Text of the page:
April 21, 2005

Yuan Point of View, Part 2

If the Bush administration is "flailing ineffectually" over the issue of relative currency values, and China in particular holds to its weak yuan policy, what happens next?

What could happen is what often happens in countries confronted by major trade imbalances: a surge of protectionism. Tariffs slapped on Chinese imports? Ratification of the new trade treaty with the Central American countries (CAFTA)? The Economist points out in detail that Congress will favor the first and not the second the longer the current situation continues. For free traders, this is exactly backward.

Protectionist measures, like those being promoted by Sen. Charles Schumer (D-NY), could put the United States in flagrant violation of its World Trade Organization obligations and undermine the effort to conclude a new worldwide agreement on further trade liberalization. Rejection of CAFTA -- as trade agreements go, fairly small potatoes --would signal the administration's inability to get Congressional approval for any deal it did negotiate. A slide away from rather than toward freer world trade could accelerate rapidly.

Former USTR Robert Zoellick made sure his agency was prepared to lobby for CAFTA ratification before he left to become Deputy Secretary of State, and his nominated replacement, Rob Portman, is a capable guy who should be able to lead a ratification fight effectively. But administration action to head off protectionist measures aimed at China would likely have to be led by Treasury Secretary John Snow. I don't want to be unfair to Snow -- Secretary of the Treasury was a prestige post in the Reagan and Clinton administrations, but ranks somewhere just above the Special Assistant to the President for Correspondence in this one -- but his performance to date in discussing economic issues publicly does not inspire much confidence.

President Bush's inspires even less. While he has been traveling around the country soaking up applause on his Social Security tour and encouraging a train wreck in the Senate over a few appeals court nominees, he hasn't said much about trade. Perhaps he's waiting for a crisis, like a major fight in Congress to stave off protectionist legislation or keep CAFTA from being rejected outright. It doesn't look as if he will have to wait long, and his administration isn't ready.

Posted by at April 21, 2005 05:12 PM | TrackBack (11)

A few questions... Why is a trade imbalance bad? And if protectionism is not the solution then what is the solution? Finally, if the weak dollar is causing this, wouldn't a strong dollar make it even worse as American made goods would be less attractive in terms of cost?

Glenn Reynolds has posted a WSJ snippet (subscriber only) about unrest amongst the investor class. Also, I've read in the Investor's Business Daily that Chinese manufacturers are quite unhappy with the current situation. The low dollar is putting a tremendous amount of strain on the entire way China is setup to function economically. Having the Yuan pegged lower than the dollar certainly means Chinese mass market goods will always be more attractive than American mass market goods, but in the process of meeting that demand; Chinese manufacturers must buy more equipment, machinery, oil, gas, diesel fuel, and other materials. Many of those purchases are imports, increasingly expensive imports, especially from their friends in Europe.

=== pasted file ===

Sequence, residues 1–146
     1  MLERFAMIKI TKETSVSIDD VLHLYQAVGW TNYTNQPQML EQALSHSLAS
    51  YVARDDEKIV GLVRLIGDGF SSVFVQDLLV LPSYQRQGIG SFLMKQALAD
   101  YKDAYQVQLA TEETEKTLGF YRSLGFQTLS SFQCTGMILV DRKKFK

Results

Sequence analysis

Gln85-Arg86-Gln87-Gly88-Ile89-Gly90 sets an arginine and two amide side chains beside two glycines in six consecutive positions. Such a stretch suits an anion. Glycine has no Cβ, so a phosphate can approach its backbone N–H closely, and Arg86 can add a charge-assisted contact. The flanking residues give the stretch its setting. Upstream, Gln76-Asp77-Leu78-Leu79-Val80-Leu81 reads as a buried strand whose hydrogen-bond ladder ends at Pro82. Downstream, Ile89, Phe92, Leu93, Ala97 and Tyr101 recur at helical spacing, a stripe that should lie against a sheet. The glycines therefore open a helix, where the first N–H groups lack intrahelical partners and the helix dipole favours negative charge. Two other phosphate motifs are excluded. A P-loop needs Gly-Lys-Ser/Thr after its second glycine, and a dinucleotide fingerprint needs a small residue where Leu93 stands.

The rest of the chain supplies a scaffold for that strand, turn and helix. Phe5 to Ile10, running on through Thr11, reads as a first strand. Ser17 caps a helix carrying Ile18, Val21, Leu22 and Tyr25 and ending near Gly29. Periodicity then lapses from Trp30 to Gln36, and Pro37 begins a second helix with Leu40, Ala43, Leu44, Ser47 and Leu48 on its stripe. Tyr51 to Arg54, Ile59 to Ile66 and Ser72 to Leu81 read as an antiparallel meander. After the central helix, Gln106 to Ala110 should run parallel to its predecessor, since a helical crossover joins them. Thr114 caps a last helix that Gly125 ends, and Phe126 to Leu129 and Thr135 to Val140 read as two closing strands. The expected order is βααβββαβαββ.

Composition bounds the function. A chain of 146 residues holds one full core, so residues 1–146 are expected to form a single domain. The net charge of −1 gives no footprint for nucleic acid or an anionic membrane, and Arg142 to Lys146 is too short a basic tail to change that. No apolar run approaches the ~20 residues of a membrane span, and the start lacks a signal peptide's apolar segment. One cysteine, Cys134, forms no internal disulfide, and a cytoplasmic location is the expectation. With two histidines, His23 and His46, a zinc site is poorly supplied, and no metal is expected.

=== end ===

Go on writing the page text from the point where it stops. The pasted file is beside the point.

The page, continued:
Posted by: The Indigent Blogger at April 22, 2005 12:19 AM | Permalink to this comment Permalink

Just so we're clear: the dollar is overvalued (strong) relative to the yuan and some other Asian currencies. It is weak relative to the euro.

The linked items you mention suggest the complexity of this situation. Export driven growth is part of the Chinese government's reason for keeping the yuan pegged to the dollar, but China is an enormous country that also imports a great deal -- it runs a trade deficit with the world as a whole minus the United States -- not all imports are related to its exporting industries, and consequently not all Chinese are happy with a weak-yuan policy.

Posted by: JEB at April 22, 2005 03:43 AM | Permalink to this comment Permalink

Agree on all points, especially the lack of preparedness of the Bush Admin to head these all-too-predictable trade grumbles off at the pass.

The Economist article you cite has a bit different take on the dynamics of bargaining on the Hill. They suggest:

"The betting is that, with enough presidential involvement and vote buying, Mr Bush may get CAFTA through in the next couple of months. Until he does, there will be little appetite in the White House to give the China-bashing in Congress the cold shoulder that it deserves."

I hope the Economist is wrong on the politics. CAFTA would be nice, but letting the China-bashing get a head of steam is really playing with fire. Especially at the same time they're already demonstrating pyromaniac tendencies with their pressure on China to revalue.

My read of Greenspan's remarks today on the prospects of a revaluation in the relatively near term is that at least he's trying to calm down Congressional impatience on China. But this should be much better stage managed with Treasury. Ah well, I can dream can't I?

Posted by: nadezhda at April 22, 2005 04:30 AM | Permalink to this comment Permalink


Posted by: greg at April 25, 2005 03:15 AM | Permalink to this comment Permalink
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